I am doll parts

Before I was The Turnip Farmer, I was Doll Parts.

It was 1994. I was sixteen.  I lived in a small rural community full of kids that all grew up together. I unwillingly invaded their space in the middle of sixth grade in 1988 when my parents thought it was an awesome idea to move in the middle of a school year. (FYI: it was NOT a good idea.)

I started out as a fairly normal looking kid:
I'm aware that the hair is tragic. We've discussed this already.

Try as I might to fit in with trends and such, it really just was not in my nature. Over time my creative side broke through. If I wasn't drawing on my jeans, I was doodling in my text books, coloring my hair with markers (before moving on to Manic Panic), experimenting with make-up, clothing and music.

I was a pretty lonely kid throughout high school but by my Senior year had a nice core group of friends but I was pretty lonely all the same. I still never felt as though I fit in. 

I had weird hair.
A rare smile for my English teacher, Mrs. Chastain.
It was hard to not smile in her presence.

I wore weird make-up.
I was goth before Goth was cool...which essentially means I was not cool. 

I did weird stuff.

That's Debra, the cosmetology head, with one of Delaware's finest. (also, yes, I really liked that Ministry t-shirt but to be fair, the last 2 photos were taken on the same day.) 

I wore weird clothes.
God bless Nick. He was such a good not-my-boyfriend-for-reasons-that-I-was-completely-oblivious-to-back-then. Also, my mom made that dress and she was super pissed that I wore those sunglasses for the photo. Seriously. I look like a baked potato.
I spent too much time in my own head (and still do to some extent) to really allow others to get to know me. And even though I did probably everything humanely possible to separate myself from the crowd, I still wanted to be part of a community. I wasn't into sports, I was over doing community theater and the art club, which I was a part of, was pretty much a joke. When I realized there was not an existing community that I'd be satisfied with, I created one. 

When I was sixteen, before blogs, before people journaled on a public platform, before most people even had internet access in their home, I published a zine. Three sheets of 8.5x11 paper, usually collated and hand-folded into a convenient tri-fold format during the wee hours of the night. I didn't have a home computer and barely had access to one at school so most of my zine was hand-drawn, pasted up, handwritten or typed up on an electronic Brother word processor.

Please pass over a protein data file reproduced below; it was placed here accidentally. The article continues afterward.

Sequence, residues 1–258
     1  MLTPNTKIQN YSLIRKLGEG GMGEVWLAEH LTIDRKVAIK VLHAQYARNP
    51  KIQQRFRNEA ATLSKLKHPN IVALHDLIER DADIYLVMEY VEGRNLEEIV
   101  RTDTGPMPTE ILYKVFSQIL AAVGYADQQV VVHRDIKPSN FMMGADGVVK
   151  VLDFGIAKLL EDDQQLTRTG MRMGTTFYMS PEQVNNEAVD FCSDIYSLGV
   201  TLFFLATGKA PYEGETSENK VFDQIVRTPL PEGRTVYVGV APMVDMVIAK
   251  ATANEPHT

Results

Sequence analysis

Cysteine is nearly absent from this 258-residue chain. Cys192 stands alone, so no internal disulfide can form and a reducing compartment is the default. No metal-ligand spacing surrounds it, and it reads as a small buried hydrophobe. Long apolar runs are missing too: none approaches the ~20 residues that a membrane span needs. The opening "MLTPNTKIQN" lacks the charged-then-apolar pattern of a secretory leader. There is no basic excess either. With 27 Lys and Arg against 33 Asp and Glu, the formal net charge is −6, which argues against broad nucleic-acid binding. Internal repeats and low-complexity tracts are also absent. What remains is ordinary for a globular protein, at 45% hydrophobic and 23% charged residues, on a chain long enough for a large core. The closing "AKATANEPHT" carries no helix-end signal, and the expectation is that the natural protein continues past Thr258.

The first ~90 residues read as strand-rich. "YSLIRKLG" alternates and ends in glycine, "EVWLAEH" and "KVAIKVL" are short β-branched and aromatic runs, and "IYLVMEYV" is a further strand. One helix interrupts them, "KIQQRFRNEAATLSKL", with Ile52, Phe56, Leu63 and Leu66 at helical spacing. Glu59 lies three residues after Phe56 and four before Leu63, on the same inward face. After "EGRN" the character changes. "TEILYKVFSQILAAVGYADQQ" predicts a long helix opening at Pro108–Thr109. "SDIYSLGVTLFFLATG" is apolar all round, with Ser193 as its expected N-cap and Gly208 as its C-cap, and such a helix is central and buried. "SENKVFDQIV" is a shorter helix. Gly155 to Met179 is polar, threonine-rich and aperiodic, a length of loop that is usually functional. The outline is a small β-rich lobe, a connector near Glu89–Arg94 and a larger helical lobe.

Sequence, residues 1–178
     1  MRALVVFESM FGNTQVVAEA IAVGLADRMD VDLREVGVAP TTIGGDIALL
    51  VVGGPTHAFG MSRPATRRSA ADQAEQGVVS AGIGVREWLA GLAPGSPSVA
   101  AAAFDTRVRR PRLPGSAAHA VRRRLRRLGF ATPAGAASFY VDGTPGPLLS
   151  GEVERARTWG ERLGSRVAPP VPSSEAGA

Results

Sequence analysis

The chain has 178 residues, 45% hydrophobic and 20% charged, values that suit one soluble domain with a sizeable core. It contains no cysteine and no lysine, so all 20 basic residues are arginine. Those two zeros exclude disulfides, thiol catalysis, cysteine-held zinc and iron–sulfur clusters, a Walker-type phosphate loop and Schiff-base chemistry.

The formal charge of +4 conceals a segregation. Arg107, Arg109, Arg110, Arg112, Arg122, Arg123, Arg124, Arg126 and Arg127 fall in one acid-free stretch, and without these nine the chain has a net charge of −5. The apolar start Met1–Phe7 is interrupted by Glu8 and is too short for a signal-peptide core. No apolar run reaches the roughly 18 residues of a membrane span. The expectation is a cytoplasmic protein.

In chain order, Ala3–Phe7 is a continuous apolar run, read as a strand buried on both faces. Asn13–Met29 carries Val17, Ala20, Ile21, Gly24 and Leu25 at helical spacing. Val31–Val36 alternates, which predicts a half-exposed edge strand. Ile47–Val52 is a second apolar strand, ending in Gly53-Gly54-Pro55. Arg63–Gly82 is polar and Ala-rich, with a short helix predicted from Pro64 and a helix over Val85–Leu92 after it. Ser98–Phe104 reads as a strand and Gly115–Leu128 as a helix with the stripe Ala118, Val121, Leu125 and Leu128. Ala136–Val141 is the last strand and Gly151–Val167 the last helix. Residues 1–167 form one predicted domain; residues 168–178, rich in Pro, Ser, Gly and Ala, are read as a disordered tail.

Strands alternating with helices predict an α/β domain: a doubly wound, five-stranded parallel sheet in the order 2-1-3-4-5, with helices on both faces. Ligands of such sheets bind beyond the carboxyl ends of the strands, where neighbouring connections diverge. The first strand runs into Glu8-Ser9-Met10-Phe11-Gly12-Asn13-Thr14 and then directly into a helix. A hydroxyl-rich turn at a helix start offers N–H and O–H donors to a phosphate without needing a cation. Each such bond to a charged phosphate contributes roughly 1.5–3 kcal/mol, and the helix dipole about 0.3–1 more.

And like any good renegade - I stole time on copy machines wherever I could and whenever I could gain access to a key to unlock one. The librarian at school was not amused. Not one bit. 

I worked so hard on my zine. My days were spent daydreaming about themes for each issue, crunching numbers in my head on how much I'd need to earn at my part time job to spend on paper, copies, staples and a P.O. Box. How quickly could I work in secret between the time my mother went to bed until my father got home from his night shift job? Everything I drew had the zine in mind, everything I wrote, every story I was a part of - all of it had zine potential.

Each issue began with a letter from the editor - penned under the pseudonym 'Shade'. 
I asked for art, poetry, stories and whatever people could dream up. It was all anonymous. My hope was that the freaks, geeks, jocks and homecoming queens would all have a place to express themselves freely without ridicule.
I suppose I was always meant to be a blogger. Journaling my experiences and sharing them has always come naturally to me.

It was supposed to be an anonymous venture, but everyone knew it was me distributing the zine. Issue number one was barely emptied out of my backpack before people were asking for another issue and handing me their submissions in the hallway between classes.

Not everyone got it though. For as many students that fell in love with this idea, just as many thought it was stupid. The few teachers that quietly supported the creative effort were far outnumbered by the ones that were made uncomfortable by it. I nearly got suspended from school because of the language and content in issue #1.

However one of my best and worst qualities, tenacity, left me undeterred. With my friends cheering me on (of course, because they wouldn't be suspended!) I quickly started working on issue #2 - only to have it come to a screeching halt. One of our school's beloved teachers, Mr. Worden, had committed suicide, leaving behind a wife and a young child. What would be Issue #2 of Doll Parts was scrapped in favor of memories and thoughts on this teacher that touched so many lives. Students used it as a tool to process their shock and grief. That would become my favorite issue, though a close second was the Thanksgiving issue that featured a good-natured roasting of our Vice Principal, Mr. Sechler. The cover was an illustration of his head on a turkey (and boy do I wish I had that issue on hand to show you). He got quite a chuckle out of that and it scored me yet another reprieve from total shut-down.

Doll Parts was relatively short lived, only producing eight issues. I went away to college in the Fall of 1995 and no longer had the time or money to produce more issues. But I kept the P.O. Box for a while and letters, poems, art and short stories continued to pour in (all of which I still have). There were offers of partnerships to ease my burden or requests to take the reigns so that the zine could continue on. That was really powerful for me. I had really done it. I created something that other people cared about. I thought I was the only one with a need for community - but it turned out that so many others needed it too.